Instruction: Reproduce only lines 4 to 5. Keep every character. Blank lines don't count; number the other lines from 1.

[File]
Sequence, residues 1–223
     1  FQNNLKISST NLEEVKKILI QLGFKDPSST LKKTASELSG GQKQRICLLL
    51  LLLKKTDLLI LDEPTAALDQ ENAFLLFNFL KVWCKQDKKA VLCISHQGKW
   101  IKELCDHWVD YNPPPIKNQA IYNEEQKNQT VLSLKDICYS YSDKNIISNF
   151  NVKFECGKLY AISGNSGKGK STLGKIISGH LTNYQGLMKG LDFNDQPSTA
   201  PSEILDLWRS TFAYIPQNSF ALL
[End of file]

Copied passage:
   101  IKELCDHWVD YNPPPIKNQA IYNEEQKNQT VLSLKDICYS YSDKNIISNF
   151  NVKFECGKLY AISGNSGKGK STLGKIISGH LTNYQGLMKG LDFNDQPSTA